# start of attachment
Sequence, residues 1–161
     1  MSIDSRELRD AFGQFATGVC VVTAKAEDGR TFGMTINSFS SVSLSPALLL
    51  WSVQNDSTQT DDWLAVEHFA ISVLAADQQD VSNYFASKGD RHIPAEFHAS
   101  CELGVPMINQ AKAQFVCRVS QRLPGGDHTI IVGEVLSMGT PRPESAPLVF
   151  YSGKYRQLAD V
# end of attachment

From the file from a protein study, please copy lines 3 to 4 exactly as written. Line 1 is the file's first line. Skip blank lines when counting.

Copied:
    51  WSVQNDSTQT DDWLAVEHFA ISVLAADQQD VSNYFASKGD RHIPAEFHAS
   101  CELGVPMINQ AKAQFVCRVS QRLPGGDHTI IVGEVLSMGT PRPESAPLVF